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CONTENTS OF VOL. I.
It may be deemed, if not the duty, yet often the interest, of an editor or a biographer to keep himself out of sight; but I may seem so obviously chargeable with an affectation of delicacy and scrupulosity if I pretend to only a silent concern in this edition, that it can scarcely be expected I should not avail myself of a few words to explain the design with which it is sent out of my bands.
In the space of nearly twenty years, it may be presumed all has been stated, which has any chance of coming before the public from any other source, respecting the Life and Writings of Dr. Paley; and that his works have undergone all the criticism of his contemporaries, as well as change of form and arrangement, which may have been thought requisite. Yet there is (necessarily perhaps from the way in which many of these editions have been compiled) enough of irrelevancy in the matter, and defect in the arrangement of these works, to dissatisfy any one who takes an interest in the name and memory of the author. How far indeed a son may suppose that his father cannot be recognized in what has already been made public in so many shapes, merely because he finds it at variance with his own feelings, will not be left to my decision ; but if it be not a sort of filial presumption to feel a pride, as well as a property in a father's name, I would fain think myself called upon to set his name and memory right with the public, or at least give a correct, and if possible, an improved edition of his works. As they at present stand, they are but poorly trimmed for posterity.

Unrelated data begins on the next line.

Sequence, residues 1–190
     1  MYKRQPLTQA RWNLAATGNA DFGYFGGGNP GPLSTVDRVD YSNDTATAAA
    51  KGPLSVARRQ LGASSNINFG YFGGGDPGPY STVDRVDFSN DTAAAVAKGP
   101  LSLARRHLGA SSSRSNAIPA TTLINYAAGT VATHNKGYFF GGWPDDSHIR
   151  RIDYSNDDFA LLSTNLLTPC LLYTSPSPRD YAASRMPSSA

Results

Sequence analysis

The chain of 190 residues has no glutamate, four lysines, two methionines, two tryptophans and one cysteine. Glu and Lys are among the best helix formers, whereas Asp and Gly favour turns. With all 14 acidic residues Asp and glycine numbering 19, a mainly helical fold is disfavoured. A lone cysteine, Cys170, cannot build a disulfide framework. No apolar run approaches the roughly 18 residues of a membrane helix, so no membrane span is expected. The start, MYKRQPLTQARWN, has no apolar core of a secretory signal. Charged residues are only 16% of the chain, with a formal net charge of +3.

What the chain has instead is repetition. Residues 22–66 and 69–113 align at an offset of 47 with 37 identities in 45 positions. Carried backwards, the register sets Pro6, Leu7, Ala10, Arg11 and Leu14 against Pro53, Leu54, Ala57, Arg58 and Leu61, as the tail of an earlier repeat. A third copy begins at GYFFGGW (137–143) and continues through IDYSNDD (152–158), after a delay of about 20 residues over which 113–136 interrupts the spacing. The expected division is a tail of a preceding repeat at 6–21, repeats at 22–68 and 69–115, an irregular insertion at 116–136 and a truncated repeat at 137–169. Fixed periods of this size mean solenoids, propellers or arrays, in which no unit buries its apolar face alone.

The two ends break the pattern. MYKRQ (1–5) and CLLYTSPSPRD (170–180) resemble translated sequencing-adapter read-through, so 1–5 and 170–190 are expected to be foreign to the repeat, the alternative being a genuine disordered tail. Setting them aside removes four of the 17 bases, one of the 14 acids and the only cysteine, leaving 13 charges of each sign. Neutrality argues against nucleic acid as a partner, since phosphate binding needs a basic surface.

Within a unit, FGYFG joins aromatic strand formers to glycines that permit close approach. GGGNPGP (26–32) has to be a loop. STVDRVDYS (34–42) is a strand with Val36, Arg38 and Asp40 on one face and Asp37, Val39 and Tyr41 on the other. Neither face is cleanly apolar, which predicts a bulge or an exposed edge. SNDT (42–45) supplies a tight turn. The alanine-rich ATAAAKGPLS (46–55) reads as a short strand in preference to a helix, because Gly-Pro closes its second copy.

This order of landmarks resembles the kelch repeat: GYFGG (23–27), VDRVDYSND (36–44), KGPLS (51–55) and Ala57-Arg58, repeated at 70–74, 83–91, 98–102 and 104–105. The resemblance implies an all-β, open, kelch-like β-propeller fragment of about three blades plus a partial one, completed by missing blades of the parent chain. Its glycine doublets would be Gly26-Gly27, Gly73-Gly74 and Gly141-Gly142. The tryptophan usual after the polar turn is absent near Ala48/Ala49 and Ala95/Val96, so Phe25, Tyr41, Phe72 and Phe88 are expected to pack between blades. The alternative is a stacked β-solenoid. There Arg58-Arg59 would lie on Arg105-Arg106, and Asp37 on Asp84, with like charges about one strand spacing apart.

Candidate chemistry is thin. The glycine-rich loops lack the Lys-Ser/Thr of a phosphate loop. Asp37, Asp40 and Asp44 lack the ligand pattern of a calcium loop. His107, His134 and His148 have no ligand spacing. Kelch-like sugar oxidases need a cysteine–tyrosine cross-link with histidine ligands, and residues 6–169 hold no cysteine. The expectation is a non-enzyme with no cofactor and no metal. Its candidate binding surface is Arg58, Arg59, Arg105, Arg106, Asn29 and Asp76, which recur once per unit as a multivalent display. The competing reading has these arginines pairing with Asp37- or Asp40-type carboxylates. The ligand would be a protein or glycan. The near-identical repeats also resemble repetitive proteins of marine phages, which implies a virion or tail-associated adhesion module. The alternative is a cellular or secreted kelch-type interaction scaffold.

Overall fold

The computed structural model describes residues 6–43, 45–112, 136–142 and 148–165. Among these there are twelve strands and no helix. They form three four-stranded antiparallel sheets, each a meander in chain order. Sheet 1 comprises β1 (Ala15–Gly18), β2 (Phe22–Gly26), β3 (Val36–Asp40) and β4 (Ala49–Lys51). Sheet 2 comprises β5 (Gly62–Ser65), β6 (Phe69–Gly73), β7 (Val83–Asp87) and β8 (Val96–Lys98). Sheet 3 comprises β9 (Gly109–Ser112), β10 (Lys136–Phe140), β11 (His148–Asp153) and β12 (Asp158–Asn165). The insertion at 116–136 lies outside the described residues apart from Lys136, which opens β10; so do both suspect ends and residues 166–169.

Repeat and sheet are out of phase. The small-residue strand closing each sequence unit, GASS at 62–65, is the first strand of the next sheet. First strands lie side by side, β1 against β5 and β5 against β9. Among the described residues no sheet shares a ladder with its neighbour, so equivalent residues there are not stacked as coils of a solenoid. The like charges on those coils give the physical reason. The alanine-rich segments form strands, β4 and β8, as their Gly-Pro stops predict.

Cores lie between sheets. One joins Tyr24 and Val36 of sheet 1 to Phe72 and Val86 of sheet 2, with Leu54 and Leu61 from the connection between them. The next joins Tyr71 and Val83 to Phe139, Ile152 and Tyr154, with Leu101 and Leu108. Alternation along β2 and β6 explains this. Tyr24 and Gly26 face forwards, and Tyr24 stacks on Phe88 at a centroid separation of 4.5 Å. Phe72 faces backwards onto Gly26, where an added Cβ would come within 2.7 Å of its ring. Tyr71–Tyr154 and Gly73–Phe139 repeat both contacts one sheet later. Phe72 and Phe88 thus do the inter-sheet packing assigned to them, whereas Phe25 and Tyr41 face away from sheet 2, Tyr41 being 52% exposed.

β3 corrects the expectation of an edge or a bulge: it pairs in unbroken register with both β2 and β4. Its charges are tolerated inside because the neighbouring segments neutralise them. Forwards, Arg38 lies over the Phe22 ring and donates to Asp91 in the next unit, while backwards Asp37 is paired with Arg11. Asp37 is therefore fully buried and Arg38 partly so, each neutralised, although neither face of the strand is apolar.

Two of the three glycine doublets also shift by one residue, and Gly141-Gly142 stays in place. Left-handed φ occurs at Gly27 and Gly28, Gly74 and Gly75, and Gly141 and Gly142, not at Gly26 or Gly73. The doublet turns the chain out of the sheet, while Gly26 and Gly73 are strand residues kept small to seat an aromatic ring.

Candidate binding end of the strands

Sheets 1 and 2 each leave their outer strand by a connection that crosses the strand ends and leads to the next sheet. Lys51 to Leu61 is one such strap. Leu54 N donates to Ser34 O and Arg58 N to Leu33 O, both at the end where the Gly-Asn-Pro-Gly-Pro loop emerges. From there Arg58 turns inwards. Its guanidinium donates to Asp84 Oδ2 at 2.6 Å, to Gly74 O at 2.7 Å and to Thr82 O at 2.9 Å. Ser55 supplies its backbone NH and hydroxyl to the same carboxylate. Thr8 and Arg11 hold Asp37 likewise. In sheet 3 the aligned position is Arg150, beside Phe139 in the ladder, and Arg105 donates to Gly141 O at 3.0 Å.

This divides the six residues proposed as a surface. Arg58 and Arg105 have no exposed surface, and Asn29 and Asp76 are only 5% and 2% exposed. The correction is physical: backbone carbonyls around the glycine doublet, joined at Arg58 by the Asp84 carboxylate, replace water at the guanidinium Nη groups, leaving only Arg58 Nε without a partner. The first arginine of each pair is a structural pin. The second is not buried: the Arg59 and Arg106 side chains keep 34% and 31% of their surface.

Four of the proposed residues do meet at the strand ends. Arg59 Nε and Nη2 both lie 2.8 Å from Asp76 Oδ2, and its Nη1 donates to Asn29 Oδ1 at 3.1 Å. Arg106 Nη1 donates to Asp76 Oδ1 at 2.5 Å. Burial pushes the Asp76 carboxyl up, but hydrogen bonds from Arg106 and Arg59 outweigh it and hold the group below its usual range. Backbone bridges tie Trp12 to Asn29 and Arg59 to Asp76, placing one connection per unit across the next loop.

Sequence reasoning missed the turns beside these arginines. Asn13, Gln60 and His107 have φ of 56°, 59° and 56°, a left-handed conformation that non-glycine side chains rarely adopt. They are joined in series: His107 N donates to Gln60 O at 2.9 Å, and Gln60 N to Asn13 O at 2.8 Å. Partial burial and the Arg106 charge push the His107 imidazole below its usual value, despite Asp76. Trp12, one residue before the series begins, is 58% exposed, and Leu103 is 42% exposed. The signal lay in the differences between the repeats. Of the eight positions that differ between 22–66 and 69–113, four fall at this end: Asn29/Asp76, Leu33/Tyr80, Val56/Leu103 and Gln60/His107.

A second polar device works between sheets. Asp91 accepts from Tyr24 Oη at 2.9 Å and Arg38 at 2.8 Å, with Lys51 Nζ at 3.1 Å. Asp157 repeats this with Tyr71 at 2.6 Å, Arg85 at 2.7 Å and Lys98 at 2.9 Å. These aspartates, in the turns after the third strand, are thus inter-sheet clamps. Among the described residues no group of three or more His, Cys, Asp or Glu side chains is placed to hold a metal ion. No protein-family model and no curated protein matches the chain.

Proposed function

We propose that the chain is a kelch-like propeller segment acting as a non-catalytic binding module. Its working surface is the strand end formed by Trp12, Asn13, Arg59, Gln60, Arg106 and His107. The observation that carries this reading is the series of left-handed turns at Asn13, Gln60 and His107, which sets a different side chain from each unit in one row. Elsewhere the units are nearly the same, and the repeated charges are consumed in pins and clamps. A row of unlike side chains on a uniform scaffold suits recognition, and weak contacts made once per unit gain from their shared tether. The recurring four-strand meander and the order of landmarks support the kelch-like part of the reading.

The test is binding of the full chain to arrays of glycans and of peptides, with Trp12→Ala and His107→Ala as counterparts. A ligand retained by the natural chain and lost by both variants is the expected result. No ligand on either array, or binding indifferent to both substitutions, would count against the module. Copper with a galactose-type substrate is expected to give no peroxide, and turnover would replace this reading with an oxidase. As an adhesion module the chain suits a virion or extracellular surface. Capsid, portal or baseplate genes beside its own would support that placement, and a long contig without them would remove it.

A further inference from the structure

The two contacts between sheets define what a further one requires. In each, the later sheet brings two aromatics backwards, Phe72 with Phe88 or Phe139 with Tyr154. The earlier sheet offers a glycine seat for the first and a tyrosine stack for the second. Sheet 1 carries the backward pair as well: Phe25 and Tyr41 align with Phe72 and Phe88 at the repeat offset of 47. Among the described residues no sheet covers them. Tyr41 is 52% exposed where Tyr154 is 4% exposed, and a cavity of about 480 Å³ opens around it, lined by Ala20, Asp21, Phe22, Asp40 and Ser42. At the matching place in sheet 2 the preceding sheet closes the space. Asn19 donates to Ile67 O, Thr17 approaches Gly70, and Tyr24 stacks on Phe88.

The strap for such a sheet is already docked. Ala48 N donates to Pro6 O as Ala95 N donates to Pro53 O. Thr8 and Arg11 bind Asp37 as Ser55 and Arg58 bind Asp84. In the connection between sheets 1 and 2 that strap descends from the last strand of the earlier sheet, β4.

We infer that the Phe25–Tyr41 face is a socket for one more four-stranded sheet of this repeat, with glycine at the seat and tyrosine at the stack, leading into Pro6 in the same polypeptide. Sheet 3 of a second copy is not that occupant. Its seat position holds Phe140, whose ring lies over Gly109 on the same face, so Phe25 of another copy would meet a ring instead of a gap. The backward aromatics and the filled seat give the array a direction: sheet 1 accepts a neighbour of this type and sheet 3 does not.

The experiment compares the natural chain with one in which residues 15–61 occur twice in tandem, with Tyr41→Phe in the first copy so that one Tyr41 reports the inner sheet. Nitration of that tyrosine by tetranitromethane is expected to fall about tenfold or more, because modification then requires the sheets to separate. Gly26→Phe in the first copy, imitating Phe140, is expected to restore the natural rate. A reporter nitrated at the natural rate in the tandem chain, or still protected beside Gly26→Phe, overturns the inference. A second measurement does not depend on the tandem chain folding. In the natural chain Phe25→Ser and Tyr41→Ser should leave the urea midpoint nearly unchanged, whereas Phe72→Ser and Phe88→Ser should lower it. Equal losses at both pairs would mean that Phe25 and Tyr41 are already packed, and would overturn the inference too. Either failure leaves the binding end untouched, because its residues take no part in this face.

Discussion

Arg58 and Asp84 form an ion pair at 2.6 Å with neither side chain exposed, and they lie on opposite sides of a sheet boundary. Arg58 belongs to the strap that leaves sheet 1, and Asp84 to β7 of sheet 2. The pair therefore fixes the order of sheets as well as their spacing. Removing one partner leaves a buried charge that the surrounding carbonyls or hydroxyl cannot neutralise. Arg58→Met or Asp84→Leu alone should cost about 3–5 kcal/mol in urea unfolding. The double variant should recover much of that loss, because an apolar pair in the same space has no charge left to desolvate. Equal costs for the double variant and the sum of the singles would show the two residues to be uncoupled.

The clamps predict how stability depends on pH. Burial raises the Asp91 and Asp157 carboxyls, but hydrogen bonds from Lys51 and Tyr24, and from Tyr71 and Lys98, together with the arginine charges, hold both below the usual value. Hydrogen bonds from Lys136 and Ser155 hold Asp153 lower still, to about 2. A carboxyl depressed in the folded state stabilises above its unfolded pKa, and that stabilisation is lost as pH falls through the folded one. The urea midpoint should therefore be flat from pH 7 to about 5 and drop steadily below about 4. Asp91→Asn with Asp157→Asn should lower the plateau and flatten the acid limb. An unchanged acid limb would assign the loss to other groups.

My duty indeed as a biographer and editor will be more pleasantly discharged, if I disclaim any great pretension to either of these titles, and only acknowledge that I am greatly indebted to the advice of those, without whose suggestion I might not have attempted, and without whose assistance I could scarcely have ventured, to bring forward this present edition.